My cousin Ekansh called after the game against the RCB. He is 15 and a keen cricketer. He has already played for Delhi under-14 and is my darling little bro.
After talking to me about the match and the obvious questions around the verbal squabble with Virat, he asked me, “Are you the John McEnroe of cricket.” Initially, I was pleasantly taken aback that my little Ekansh knew about McEnroe as his generation is more tuned to Djokovic or Federer. When I hung up and dipped into my clear vegetable soup, I met Ekansh’s point. He was concerned.
I can’t remember where but I do recall once reading that perhaps McEnroe was the only player in the history of tennis who could go berserk and play better tennis. Maybe, but it doesn’t apply to me. I wanted to call Ekansh and tell him the same. I wanted to tell him that I play my cricket hard, I play it with honesty, I lead my team with transparency and I play my cricket to win.
Keeping it simple
We all know what McEnroe thought about the umpires at Wimbledon. I wanted to tell Ekansh you’d have never seen me making those dummy appeals to mislead the umpire or reacting angrily to an umpiring horror. My challenge is that there is no subtle bone in my body. People say modern sportsmen need to embrace diplomacy but I’d like to leave that for politicians. I say it as I see it.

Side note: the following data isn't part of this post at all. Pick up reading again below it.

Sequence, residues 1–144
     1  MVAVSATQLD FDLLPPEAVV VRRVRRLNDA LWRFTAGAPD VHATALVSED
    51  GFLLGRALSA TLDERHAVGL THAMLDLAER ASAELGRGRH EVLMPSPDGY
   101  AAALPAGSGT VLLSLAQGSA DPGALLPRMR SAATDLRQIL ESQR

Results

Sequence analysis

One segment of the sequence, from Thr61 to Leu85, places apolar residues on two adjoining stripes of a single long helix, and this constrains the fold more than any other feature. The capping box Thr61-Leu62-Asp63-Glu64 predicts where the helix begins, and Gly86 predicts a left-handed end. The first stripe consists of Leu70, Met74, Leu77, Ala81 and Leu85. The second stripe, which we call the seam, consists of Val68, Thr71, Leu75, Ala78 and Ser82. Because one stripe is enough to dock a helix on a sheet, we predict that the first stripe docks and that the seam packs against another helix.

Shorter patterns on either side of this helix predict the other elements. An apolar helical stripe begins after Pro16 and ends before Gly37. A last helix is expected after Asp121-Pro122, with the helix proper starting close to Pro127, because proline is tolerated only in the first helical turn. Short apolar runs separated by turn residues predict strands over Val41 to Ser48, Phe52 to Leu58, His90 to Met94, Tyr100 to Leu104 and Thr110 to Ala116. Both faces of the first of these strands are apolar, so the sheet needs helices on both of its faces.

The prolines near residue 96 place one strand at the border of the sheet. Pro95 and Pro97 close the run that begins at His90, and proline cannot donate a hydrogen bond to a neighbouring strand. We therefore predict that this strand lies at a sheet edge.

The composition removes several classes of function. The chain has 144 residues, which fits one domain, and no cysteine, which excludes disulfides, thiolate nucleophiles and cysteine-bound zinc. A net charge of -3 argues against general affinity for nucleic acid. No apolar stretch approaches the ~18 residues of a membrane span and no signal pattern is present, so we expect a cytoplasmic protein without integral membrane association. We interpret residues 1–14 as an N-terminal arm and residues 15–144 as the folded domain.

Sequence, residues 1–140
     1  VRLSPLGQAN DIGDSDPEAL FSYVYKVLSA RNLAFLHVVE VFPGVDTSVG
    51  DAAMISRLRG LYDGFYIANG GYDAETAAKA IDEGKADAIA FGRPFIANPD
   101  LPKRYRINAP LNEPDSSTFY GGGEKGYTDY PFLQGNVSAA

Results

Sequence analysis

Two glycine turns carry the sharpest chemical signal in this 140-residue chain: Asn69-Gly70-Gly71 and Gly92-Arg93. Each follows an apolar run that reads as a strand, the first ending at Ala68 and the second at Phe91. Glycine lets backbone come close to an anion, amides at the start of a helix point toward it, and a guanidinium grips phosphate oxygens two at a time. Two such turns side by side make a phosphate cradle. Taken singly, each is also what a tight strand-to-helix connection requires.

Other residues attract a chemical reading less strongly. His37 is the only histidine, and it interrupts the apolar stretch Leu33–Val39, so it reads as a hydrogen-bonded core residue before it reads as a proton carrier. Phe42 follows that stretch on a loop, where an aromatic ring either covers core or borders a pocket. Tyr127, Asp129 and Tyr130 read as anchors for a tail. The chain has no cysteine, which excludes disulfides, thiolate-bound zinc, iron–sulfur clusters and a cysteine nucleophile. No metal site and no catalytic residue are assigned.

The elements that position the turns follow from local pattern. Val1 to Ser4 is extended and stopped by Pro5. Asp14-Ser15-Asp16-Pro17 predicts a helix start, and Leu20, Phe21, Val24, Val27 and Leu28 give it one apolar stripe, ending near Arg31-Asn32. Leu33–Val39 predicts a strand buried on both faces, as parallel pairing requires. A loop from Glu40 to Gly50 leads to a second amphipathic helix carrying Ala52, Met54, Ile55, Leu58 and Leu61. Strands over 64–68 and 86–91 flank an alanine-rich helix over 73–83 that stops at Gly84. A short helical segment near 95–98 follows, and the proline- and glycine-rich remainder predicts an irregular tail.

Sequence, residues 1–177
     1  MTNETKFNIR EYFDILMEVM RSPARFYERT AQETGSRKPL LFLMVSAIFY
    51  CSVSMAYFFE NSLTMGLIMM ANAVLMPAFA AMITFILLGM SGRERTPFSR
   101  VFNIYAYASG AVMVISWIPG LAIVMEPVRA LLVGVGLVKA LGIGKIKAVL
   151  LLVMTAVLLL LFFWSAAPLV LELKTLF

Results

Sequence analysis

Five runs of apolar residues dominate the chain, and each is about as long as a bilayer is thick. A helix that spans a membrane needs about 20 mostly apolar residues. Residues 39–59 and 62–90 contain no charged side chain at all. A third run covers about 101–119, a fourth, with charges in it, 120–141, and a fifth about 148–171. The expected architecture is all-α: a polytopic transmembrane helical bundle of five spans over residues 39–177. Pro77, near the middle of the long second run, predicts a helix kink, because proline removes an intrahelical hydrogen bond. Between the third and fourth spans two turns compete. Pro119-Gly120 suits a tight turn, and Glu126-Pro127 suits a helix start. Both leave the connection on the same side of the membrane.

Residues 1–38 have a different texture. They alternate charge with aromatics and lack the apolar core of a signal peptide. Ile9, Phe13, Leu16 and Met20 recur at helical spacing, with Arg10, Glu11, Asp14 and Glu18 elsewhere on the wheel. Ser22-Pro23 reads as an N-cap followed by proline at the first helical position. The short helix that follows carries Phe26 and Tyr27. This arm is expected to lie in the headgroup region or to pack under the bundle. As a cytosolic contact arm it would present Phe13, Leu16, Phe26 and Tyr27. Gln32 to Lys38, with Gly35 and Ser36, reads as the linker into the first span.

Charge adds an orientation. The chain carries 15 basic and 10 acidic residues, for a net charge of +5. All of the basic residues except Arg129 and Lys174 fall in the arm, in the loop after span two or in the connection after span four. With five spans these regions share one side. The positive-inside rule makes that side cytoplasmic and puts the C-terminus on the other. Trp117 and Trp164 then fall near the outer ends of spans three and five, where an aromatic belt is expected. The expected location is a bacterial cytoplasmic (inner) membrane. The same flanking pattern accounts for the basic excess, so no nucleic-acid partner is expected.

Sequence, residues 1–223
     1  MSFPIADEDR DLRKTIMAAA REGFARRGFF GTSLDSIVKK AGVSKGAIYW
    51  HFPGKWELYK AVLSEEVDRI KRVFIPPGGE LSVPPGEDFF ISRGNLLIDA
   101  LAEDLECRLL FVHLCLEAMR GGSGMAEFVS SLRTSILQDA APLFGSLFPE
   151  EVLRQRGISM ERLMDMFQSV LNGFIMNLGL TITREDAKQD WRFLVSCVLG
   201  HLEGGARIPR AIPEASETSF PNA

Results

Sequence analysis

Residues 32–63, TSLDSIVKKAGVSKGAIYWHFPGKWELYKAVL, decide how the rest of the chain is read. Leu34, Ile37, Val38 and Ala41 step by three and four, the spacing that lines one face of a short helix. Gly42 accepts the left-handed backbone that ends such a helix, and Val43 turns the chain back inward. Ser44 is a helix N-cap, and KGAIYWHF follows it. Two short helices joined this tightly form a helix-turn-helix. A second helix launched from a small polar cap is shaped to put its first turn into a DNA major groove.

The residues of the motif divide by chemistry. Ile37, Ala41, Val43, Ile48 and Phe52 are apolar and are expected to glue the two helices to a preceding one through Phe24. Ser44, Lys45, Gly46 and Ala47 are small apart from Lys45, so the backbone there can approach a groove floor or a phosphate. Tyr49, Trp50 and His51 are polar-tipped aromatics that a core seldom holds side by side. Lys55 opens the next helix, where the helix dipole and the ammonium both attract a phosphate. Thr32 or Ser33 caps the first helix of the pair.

On mine and Virat’s altercation, I’d say it was two professional cricketers desperately wanting to win at all costs. For me, what happens on the field is left there and both of us did exactly that. After the game we interacted and everything is normal now. Sadly for those who are searching for TRPs in conspiracy theories, I must say there is no history to it. Whenever young ‘Cheeku’ and I are playing for Delhi or India, we will be taking on the opposition. I will be standing by him like a senior pro would for a youngster.
On Friday, we went to a Govindas on Albert Road in Kolkata. It is a place which serves some out of the world vegetarian food. I was sitting next to the picture where Lord Krishna is addressing Arjuna during Mahabharata. It’s one we all have seen and know the context as well. Arjuna was confused as he had to make a choice between killing his revered guru, his brothers, relatives and running away from the battlefield for preserving peace.
One member of the KKR support staff pointed out to me, “Do you face this dilemma in IPL when you play against your own India team-mates?” The comparison may seem far-fetched and outlandish. My reply to him was, “No. I’m playing for KKR and I want to win, it doesn’t matter who is the opponent. I do the same when I play for India as well.”
Hey Ekansh, I am neither McEnroe nor Arjuna, I am Gautam Gambhir.
The writer is KKR skipper